This species has a wingspan of 5.6-6.5 cm. It is characterized by its orange hindwings which include red and black bands and white fringe. The forewing is gray in color with a pattern similar to a brown and black wood grain. C. herodias gerhardi have a white border around their forewing which is not present in C. herodias herodias (Covell 1984).
The forewing pattern is unique and the reddish hindwing is similar to only a few species of moths. On the forewing, note the poorly developed normal lines, strongly contrasting whitish costa (leading edge), and the dark and whitish linear striations on the outer portion of the wing.
The adult is best for identification.
The adults rest near the base of scrub oak (Quercus ilicifolia) or other bushes or on the sand underneath these bushes. A Catocala spp. flushed off the ground in a barrens community will almost always be this species.
The larvae feed almost exclusively on spring growth of scrub oak in the wild, except that blackjack oak (Quercus marilandica) might also be used on Long Island.
This is one of the earlier flying Catocala species. The adults occur primarily from mid-July into August, probably about the same time in all parts of the New York range, and it is likely that a few adults persist into the second half of August in most years. Catocala have notably long pupal periods, often about as long as the larval period, and pupae are present into July. This species is nocturnal. It is believed to rest on the ground under oak bushes and trialing pine branches (Schweitzer et al. 2018 and NatureServe 2022).
The time of year you would expect to find Herodias or Pine Barrens Underwing reproducing, larvae present and active, eggs present outside adult, and pupae or prepupae present in New York.
Herodias or Pine Barrens Underwing
Catocala herodias gerhardi Barnes and Benjamin, 1927
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Brock, J. P., and K. Kaufman. 2003. Butterflies of North America. Kaufman Focus Field Guides, Houghton Mifflin Company, New York, NY 284 pp.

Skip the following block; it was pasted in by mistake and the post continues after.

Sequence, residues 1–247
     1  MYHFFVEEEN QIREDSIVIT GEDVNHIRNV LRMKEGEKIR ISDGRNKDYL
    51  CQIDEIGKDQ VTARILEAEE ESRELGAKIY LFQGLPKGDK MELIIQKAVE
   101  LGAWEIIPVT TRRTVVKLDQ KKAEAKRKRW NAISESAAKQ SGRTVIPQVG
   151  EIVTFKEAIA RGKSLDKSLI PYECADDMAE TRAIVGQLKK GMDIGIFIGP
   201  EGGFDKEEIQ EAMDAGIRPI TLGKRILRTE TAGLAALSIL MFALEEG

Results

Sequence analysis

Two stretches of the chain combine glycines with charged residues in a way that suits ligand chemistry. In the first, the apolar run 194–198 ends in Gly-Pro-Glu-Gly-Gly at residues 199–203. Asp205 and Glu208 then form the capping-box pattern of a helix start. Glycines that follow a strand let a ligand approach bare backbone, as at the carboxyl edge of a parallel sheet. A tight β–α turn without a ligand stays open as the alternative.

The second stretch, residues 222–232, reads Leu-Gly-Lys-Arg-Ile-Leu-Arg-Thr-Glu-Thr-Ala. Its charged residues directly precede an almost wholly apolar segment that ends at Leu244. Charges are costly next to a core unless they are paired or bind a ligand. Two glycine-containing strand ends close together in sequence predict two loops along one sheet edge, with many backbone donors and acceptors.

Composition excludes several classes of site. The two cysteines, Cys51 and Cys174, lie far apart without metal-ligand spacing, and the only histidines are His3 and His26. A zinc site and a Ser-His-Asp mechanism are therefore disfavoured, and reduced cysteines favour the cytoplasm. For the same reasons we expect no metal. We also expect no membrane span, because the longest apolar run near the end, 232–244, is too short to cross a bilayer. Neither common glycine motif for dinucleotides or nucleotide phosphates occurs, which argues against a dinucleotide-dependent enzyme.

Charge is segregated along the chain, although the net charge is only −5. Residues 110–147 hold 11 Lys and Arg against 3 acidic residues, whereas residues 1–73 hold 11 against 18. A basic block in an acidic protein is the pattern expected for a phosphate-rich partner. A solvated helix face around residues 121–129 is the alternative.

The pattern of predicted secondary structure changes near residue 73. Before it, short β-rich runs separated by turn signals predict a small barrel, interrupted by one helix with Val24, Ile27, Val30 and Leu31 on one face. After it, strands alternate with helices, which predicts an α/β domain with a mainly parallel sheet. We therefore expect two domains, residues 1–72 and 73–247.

Covell, Charles V. 1984. A field guide to the moths of eastern North America. Houghton Mifflin Company, Boston.
Forbes, W. T. M. 1954. Lepidoptera of New York and Neighboring States, Noctuidae, Part III. Memoir 329. Cornell Agricultural Experiment Station. Ithaca, NY.
Forbes, William T. M. 1954. Lepidoptera of New York and neighboring states part III. Cornell University Experiment Station Memoir 329.
Jordan, M. J., W. A. Patterson III, A. G. Windisch. 2003. Conceptual ecological models for the Long Island pitch pine barrens: implications for managing rare plant communities. Forest Ecology and Management 185, 151-168.
NatureServe. 2022. NatureServe Explorer [web application]. NatureServe, Arlington, Virginia. Available https://explorer.natureserve.org/. (Accessed: March 1, 2022).
New York Natural Heritage Program. 2023. New York Natural Heritage Program Databases. Albany, NY.
O'Donnell, J.E., L.F. Gall., and D.L. Wagner, eds. 2007. The Connecticut Butterfly Atlas. State Geological and Natural History Survey of Connecticut, Department of Environmental Protection, Hartford. 376 pp.
Peacock, J. W., D. F. Schweitzer, J. L. Carter, and N. R. Dubois. 1998. Laboratory Assessment of the effects of Bacillus thuringiensis on native Lepidoptera. Environmental Entomology 27(2):450-457.
Sargent, T. D. 1976. Legion of Night: The Underwing Moths. University of Massachusetts Press, Amherst, MA. 222 pp. and 8 plates.
Schweitzer, Dale F. 2004. Gypsy Moth (Lymantria dispar): impacts and options for biodiversity-oriented land managers. NatureServe, Arlington, Virginia. NatureServe Explorer. Online. Available: http://www.natureserve.org/explorer/
Schweitzer, Dale F., M. C. Minno, and D. L. Wagner. 2018. Rare, declining, and poorly known butterflies and moths (lepidoptera) of forests and woodlands in the eastern united states. U.S. Forest Service.
This guide was authored by: Every, Zane W.
Information for this guide was last updated on: June 30, 2022
Please cite this page as:
New York Natural Heritage Program. 2023. Online Conservation Guide for Catocala herodias gerhardi. Available from: https://guides.nynhp.org/herodias-or-pine-barrens-underwing/. Accessed March 23, 2023.